Tag Archives: slow food

Guest Blog for Creative Nottingham: Urban magic on your doorstep.

It’s a Friday lunchtime in the office and the weekend beckons, despite the temperatures not shifting much beyond minus 73 degrees C. An email pings through the letter box and your first impulse is to press the delete button as fast as you can to prevent you from being drawn into another circular route of endless hyperlinks, cross references and doubling back on yourself.

But this time you don’t delete it but read it. Why? I don’t know but that may not be the right question right now. It’s about a venture called Street Wisdom who describe themselves as a “new, non-profit venture that offers an enjoyable, powerful and free way of using the streets to learn something new. “ That sounds intriguing.

“There is no charge” the email continues. Even better methinks.

At Street Wisdom you don’t pay fees, you pay attention.” OK. I think I can just about manage that on a Friday afternoon.

“All you need is to turn up with a question you’d like some fresh answers to. It could be a business-related question, a personal one. Or both.” OK… now hang on, there are enough questions racing around my head at the moment to fill a race track, I wouldn’t know which one to back to getting the fastest answer.

“Come by yourself, tell your friends to sign up or even enrol your whole team – this is a great way for business colleagues to hit the refresh button.” Well, being one who always like to hit the refresh button (most frequently in the Cross Keys in the Lace Market, it has to be said) I decide to take the plunge and join the venture and their promise of Street Wisdom on the steps at the front of Nottingham’s town hall in the Old Market Square.

Pretty soon afterwards, we’ve met one of their Street Leaders who registers me up for the process and we join a group of four other intrepid searchers for the street wisdom.

They’re as good as their word: all you need to bring with you is a question that you’d like some fresh answers to. You can keep it secret if you want, but it’s good to have something in mind. Nothing as big as ‘when am I going to win the Lottery?’ or as small as ‘left or right lion?’ – but something that matters to you, right here, right now.

So what happens next? That’s not a bad question. Our Street Leaders got us started by helping us ‘tune into’ the street over four shorts walks: each walk we could make alone or with friends, and each walk had an instruction to guide you:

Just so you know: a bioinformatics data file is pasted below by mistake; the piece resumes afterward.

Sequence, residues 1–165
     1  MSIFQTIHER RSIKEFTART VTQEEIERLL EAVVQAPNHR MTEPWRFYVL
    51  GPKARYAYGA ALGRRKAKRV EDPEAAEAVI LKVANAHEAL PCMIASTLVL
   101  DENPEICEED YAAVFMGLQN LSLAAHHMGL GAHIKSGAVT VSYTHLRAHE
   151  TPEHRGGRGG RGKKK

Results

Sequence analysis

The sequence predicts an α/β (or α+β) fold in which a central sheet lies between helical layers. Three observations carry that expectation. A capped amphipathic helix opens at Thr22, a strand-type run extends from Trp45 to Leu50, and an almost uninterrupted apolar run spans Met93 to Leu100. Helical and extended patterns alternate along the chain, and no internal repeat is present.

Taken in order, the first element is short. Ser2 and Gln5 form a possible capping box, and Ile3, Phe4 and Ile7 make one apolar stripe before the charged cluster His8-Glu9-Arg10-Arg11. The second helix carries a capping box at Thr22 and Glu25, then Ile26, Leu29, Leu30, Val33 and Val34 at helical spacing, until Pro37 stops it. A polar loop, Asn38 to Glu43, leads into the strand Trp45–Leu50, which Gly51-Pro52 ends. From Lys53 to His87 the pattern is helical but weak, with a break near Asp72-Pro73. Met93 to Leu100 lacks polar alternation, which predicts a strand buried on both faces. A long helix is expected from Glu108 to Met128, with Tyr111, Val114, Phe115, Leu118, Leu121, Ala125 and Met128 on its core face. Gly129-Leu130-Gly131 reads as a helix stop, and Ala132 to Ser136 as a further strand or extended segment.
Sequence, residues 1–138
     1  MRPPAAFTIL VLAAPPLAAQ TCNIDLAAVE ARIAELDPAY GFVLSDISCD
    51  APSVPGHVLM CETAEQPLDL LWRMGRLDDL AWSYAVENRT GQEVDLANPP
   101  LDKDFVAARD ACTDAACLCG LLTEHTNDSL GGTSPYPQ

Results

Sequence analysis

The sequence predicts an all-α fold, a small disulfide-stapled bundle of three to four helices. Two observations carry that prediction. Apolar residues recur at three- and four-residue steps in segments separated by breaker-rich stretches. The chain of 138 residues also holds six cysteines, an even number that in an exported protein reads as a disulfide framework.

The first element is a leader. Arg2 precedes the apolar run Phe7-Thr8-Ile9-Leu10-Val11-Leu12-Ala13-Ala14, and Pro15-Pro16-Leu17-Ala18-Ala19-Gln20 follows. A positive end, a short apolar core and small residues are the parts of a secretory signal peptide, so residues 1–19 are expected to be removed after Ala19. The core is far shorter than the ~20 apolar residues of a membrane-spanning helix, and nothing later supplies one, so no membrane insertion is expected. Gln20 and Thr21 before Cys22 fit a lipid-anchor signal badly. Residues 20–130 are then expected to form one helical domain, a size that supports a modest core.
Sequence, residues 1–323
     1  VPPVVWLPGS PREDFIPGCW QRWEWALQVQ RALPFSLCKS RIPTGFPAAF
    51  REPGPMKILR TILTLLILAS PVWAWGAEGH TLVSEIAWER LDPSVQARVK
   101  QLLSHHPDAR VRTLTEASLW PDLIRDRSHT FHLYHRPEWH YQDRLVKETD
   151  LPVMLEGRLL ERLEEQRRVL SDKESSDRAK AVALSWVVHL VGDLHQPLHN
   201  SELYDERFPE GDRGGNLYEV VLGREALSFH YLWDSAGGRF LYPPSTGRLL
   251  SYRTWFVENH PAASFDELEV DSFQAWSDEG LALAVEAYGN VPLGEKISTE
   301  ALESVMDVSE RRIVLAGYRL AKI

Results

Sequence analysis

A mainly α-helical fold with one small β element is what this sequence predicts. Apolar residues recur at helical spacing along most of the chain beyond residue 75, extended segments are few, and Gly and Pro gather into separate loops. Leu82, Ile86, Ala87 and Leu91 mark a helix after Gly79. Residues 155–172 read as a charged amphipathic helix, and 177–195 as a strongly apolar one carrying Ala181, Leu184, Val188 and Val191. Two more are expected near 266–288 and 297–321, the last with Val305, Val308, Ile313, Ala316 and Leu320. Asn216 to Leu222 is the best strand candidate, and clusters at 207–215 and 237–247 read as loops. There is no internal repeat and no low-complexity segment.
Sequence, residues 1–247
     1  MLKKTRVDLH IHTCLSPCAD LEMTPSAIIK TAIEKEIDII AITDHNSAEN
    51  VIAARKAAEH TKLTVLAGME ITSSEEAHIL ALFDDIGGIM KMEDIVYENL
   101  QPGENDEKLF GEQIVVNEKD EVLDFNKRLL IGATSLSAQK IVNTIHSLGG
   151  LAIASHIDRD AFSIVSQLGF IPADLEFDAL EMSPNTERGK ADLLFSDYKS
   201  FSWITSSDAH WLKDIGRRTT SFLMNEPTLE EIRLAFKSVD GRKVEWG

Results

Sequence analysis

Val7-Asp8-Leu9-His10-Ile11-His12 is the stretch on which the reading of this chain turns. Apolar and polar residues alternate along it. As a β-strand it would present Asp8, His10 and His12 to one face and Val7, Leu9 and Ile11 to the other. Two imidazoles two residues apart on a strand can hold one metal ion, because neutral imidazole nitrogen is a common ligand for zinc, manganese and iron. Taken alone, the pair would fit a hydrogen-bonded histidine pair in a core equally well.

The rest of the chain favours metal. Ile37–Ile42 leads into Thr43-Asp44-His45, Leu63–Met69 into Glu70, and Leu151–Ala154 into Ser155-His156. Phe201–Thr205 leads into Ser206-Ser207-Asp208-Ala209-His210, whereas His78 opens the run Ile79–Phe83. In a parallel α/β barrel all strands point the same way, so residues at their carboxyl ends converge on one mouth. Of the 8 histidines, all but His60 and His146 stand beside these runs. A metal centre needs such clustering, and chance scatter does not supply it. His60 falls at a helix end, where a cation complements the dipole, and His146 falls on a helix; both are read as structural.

“Look for what you’re drawn to”
“Slow right down.”
“Notice the patterns.”
“See the beauty in everything.”

Now, in the cold light of day after the venture, this might seem a particularly uninspiring set of tasks to undertake: but in the increasingly warm light of the Nottingham afternoon, the walks and the focus given by the instructions generated for all of us on the walks a quite astounding set of responses.

I found myself being drawn to the fountains on the other side of the square, feeling quite wistful about the lack of water features in the city and the distance we were from the coastline.

The instruction to Slow Right Down had me stopped dead still in my tracks for over fifteen minutes which enabled me to see how fast everyone rushes around the city: always with intent and a job to do or a place to go or a person to visit. Staying much longer under this instruction would have seen me draining away through the concrete, I was relaxing that rapidly.

It was on the third walk – Notice the Patterns – that I really started to feel the effects of the process. Normally I brush off patterns or pay no attention to them at all: but given 10 minutes just to look at them made me hugely aware of just how patterned and ordered our city scape is: it was intoxicating to see patterns in every nook and cranny and in every small piece of iron railing, shop window and bus stop. Had this been after a Friday evening at the Cross Keys, one might have explained this with 15 pints of IPA: but no, this was Friday lunchtime and I was still technically at work.